But it’s not clear how easy it will be to refurbish fairings after dropping into salt water. The method of catching the fairings using a net was intended to keep the shrouds away from the corrosive effects of sea water, a problem that lengthens the time needed for SpaceX to refurbish Dragon cargo capsules for reuse after splashing down into the ocean.
Earlier this year, Musk said the fairing costs were around $ 6 million, representing about 10 percent of the total cost of a Falcon 9 launch. Omtrent 60 procent van de marginale kosten van een Falcon 9-introductie komt uit de eerste fase, 20 procent van de tweede fase, en ongeveer 10 procent van de verwerking, het testen en assembleren van een raket voor vlucht, volgens Musk.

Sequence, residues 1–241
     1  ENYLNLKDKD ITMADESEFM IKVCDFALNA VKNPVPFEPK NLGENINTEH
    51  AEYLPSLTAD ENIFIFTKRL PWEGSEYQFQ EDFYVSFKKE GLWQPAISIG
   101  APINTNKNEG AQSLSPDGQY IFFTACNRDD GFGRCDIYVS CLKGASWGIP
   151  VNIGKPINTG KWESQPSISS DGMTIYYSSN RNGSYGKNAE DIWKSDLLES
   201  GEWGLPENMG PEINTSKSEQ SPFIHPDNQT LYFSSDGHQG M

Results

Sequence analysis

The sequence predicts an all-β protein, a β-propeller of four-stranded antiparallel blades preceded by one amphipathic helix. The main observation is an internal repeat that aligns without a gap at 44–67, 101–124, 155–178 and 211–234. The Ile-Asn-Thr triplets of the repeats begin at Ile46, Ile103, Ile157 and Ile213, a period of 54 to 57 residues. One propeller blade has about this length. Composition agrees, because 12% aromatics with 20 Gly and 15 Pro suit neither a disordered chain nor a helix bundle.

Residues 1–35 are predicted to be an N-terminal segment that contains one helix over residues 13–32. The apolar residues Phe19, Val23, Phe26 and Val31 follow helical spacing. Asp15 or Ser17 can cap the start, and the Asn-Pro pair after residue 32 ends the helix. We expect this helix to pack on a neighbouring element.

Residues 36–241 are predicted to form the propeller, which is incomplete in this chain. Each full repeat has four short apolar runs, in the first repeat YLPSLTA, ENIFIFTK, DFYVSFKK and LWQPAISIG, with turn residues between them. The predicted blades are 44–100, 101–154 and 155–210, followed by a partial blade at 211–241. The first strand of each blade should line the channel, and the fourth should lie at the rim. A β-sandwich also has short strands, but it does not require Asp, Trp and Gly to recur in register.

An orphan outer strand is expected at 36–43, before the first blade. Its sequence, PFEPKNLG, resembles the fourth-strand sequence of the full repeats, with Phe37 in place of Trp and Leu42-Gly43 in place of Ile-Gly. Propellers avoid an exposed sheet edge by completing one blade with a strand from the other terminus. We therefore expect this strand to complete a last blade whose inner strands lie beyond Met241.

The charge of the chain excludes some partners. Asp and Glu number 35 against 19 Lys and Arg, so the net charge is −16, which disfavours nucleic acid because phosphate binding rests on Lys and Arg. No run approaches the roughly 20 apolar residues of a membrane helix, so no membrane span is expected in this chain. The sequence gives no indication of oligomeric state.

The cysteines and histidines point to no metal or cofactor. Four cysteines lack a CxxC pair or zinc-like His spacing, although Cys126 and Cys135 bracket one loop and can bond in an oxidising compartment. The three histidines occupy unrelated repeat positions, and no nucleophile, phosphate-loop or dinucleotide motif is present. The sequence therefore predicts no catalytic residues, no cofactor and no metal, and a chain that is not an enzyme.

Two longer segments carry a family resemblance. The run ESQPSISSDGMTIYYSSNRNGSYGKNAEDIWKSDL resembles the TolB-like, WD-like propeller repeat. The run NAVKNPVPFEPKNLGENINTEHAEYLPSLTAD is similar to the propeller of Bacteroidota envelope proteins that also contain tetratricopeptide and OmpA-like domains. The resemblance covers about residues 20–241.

SpaceX har tilbudt rabatter fra Falcon 9s annoncerede salgspris på $ 62 millioner for kunder som er villige til at placere deres satellitter på en genbrugt raket, eller som SpaceX kan lide at sige, en flight-proven booster. Musk said in May that SpaceX then charged around $ 50 million for flights using a previously-flown first stage, and he expected a “steady reduction in prices” as the company gains experience with reusing rockets, and as SpaceX pays off what Musk has said was a billion dollar investment in the ability to recover and re-fly boosters.
Mr. Steven, SpaceX’s fairing recovery ship. Credit: SpaceX